With a looming proposal to increase the sales tax rate in Parker, supporters and opponents are trying to get last-minute messages to voters.
The Town of Parker is asking residents to decide Nov. 3 whether to increase the sales and use tax by 0.5 …
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With a looming proposal to increase the sales tax rate in Parker, supporters and opponents are trying to get last-minute messages to voters.The Town of Parker is asking residents to decide Nov. 3 whether to increase the sales and use tax by 0.5 percent to pay for the expansion of parks and recreational amenities and the acquisition of open space. The rate would go from 8 percent to 8.5 percent, including town, county and state taxes.The question asks whether the Town of Parker should go into debt by issuing $39 million worth of bonds to pay for new amenities today, while simultaneously implementing the parks-and-rec-specific tax increase to pay off the bonds.
Along with an expansion at Salisbury Park, the tax increase would pay for the enlargement of H2O’Brien Pool, a park expansion at O’Brien Park, open space and new trails.
(How will you vote? Take the poll here.)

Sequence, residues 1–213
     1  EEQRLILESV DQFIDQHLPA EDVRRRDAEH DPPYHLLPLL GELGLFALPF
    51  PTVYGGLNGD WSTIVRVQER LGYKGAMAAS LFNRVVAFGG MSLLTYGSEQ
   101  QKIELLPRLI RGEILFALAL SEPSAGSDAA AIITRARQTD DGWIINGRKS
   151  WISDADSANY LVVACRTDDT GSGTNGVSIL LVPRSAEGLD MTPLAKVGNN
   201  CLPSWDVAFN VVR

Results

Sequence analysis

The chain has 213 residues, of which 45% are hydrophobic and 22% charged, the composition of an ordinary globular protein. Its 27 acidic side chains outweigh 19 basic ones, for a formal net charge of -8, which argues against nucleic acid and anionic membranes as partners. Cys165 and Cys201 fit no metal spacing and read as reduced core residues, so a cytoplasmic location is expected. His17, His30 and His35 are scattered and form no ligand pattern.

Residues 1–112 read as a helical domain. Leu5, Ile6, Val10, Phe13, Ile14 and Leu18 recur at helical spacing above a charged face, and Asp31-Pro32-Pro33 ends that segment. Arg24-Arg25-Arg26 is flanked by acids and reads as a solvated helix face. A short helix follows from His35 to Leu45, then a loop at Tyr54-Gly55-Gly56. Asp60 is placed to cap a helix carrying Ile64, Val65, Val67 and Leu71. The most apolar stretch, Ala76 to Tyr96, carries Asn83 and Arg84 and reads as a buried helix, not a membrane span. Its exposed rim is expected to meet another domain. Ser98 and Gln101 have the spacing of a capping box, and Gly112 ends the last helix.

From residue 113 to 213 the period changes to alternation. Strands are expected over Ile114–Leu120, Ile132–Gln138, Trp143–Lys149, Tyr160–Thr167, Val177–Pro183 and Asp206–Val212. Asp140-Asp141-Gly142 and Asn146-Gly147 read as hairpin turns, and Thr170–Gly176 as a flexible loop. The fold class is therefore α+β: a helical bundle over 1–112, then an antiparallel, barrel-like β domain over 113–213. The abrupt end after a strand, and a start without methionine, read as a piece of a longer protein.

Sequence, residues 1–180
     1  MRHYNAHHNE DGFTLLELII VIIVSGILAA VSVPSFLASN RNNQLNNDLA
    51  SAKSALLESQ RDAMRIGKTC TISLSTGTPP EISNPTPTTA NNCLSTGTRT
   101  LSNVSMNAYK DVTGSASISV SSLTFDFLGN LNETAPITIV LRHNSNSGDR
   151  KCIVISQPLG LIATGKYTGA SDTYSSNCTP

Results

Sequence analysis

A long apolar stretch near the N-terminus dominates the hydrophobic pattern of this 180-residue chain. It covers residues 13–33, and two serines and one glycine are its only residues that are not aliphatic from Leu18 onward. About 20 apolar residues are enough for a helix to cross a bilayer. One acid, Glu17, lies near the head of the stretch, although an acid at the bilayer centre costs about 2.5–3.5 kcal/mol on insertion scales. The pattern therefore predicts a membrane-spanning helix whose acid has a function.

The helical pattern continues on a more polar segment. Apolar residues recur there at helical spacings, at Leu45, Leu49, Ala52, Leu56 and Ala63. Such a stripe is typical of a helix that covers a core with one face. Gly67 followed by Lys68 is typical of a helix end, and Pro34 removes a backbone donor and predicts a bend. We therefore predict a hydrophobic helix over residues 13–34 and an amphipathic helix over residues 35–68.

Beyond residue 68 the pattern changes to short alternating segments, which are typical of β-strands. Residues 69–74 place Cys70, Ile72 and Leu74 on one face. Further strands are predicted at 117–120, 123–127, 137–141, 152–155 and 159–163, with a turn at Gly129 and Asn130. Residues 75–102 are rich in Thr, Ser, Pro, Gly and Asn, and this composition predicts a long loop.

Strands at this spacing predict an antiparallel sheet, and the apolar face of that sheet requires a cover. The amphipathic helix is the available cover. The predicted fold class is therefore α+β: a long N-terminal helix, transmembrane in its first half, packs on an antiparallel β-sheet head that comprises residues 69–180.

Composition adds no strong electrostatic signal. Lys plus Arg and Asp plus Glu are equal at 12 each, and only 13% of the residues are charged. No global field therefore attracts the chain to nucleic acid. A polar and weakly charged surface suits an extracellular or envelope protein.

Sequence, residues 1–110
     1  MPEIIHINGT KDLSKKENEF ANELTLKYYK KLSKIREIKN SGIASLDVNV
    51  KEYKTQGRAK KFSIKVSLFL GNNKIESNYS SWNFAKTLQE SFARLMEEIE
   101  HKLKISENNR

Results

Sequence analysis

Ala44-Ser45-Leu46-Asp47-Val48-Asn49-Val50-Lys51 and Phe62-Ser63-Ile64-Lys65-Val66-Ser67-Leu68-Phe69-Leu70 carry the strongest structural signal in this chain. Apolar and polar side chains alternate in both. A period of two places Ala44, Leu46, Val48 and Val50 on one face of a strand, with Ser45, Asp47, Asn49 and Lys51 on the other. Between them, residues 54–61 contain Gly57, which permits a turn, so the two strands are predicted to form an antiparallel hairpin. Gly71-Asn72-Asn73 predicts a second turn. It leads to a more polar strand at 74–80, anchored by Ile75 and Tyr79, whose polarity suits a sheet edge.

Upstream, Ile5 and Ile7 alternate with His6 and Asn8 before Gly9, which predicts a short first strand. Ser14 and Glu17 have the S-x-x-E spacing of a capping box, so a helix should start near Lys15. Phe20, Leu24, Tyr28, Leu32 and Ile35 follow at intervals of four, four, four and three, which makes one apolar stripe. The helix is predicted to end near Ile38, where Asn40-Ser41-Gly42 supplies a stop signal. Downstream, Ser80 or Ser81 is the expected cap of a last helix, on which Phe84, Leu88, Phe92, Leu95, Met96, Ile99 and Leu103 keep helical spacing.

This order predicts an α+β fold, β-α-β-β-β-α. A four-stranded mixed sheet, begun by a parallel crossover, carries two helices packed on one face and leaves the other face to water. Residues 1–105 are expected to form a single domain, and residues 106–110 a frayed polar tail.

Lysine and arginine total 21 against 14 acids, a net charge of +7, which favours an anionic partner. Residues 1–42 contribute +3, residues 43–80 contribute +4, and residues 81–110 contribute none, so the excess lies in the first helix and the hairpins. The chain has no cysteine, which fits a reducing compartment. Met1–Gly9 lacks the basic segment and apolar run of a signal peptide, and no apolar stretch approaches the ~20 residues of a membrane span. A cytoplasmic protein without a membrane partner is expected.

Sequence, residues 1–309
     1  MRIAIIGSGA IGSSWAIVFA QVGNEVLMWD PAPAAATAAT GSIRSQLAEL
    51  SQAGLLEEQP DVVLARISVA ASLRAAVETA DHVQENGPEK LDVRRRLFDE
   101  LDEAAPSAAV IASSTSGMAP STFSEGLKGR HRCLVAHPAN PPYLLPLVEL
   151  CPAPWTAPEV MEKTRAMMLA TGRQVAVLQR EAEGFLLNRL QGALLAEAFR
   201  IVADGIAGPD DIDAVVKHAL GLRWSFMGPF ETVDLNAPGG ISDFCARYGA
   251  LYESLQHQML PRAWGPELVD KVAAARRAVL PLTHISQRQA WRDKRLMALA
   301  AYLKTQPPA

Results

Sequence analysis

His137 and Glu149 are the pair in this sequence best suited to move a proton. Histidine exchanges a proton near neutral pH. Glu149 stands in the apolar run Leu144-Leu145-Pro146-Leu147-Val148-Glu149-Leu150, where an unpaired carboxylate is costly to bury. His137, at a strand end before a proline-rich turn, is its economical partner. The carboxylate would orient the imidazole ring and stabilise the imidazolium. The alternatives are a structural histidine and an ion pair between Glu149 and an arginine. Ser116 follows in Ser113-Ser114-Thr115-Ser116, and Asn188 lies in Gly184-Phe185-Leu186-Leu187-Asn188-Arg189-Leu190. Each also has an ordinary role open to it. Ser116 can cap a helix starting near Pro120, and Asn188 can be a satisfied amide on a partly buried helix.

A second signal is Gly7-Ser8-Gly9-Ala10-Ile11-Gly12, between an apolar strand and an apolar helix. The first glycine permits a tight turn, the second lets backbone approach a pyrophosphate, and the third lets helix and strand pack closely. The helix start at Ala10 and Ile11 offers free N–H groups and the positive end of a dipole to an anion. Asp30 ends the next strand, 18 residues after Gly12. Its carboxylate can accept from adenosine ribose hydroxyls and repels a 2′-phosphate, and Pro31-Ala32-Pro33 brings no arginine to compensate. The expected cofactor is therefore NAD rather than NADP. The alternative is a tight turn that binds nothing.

Mayor Mike Waid has said the town prefers to stay ahead of the game for amenities to accommodate a growing population, but that the decision to put the tax increase on the ballot was largely driven by demand from residents.Parker resident Lily Tang Williams, chairwoman of the Libertarian Party of Colorado, says taxpayers should not be saddled with more debt and believes the town should use existing tax revenues if it wants to expand its recreation offerings.“When governments want to tax more, the elected officials and special interests always make it sound like a great deal that you cannot pass up. They never cut spending and save for what they want,” she wrote in an open letter.The additional tax amounts to 5 cents on a $10 purchase.John Sutherland, a Parker resident for 17 years, says he is troubled by the idea that there is no sunset clause for the tax increase, meaning it will remain forever. But proponents say the tax is needed in perpetuity to maintain the new amenities.Kristy Thomas, administrator for Parker Youth Sports, which runs the Hawks athletic clubs, said more athletic fields are desperately needed and stressed the importance of preserving open space now. Thomas is a member of Citizens for Parker, a loose-knit group of supporters who have been handing out information to parents at youth sports games and local festivals. Thomas said the feedback has been overwhelmingly positive in favor of 2A.But Sutherland says the ballot issue is the latest example of reckless spending by the town. He cited the $2 million purchase of land across from town hall, for which a reason was not given before council’s vote. The land is being leased to Douglas County Libraries to build the new Parker Library. Sutherland also pointed to the $900,000 spent on the former Parker Water and Sanitation District headquarters in downtown Parker as another example of town officials overstepping their bounds and “getting into land development.” The town’s economic development department is housed in the building, but there are plans to eventually sell the building and land for redevelopment.“The current mayor and town council seem to have a spending problem and it is getting out of control. They need to learn to live within their budget and quit running up debt just to make certain small groups happy,” Sutherland said.But Thomas says that improved recreation, parks and open space benefits everyone in the town and provides something for everyone, whether it’s families going to a park, young singles running on local trails, or seniors playing on new pickleball courts. She also said world-class recreation and open space increases home values and is the reason why many residents moved to Parker.The Town of Parker is in the bottom third for tax rates among communities in the Denver area. It has an existing half-percent tax for parks and recreation — a measure that passed in the early 1990s — but population growth is prompting the newest request.“The money we have now is to maintain what we have, but we don’t have the money to build more,” Thomas said.When outlining information about the ballot issue on its website, the town says, “If the referendum does not pass, future park and recreation projects will take longer to complete. For example, instead of developing Salisbury Park North immediately, it would likely be built in several phases over a number of years.”The “immediate gratification” of new recreation features is not worth the projected $27 million in interest on the bonds that the town would incur, Sutherland said. And some say a new tax that does not sunset could create a burden on taxpayers.“A rising tax trend continues at all levels of government and it stifles economic growth and consumer spending,” Tang Williams said.
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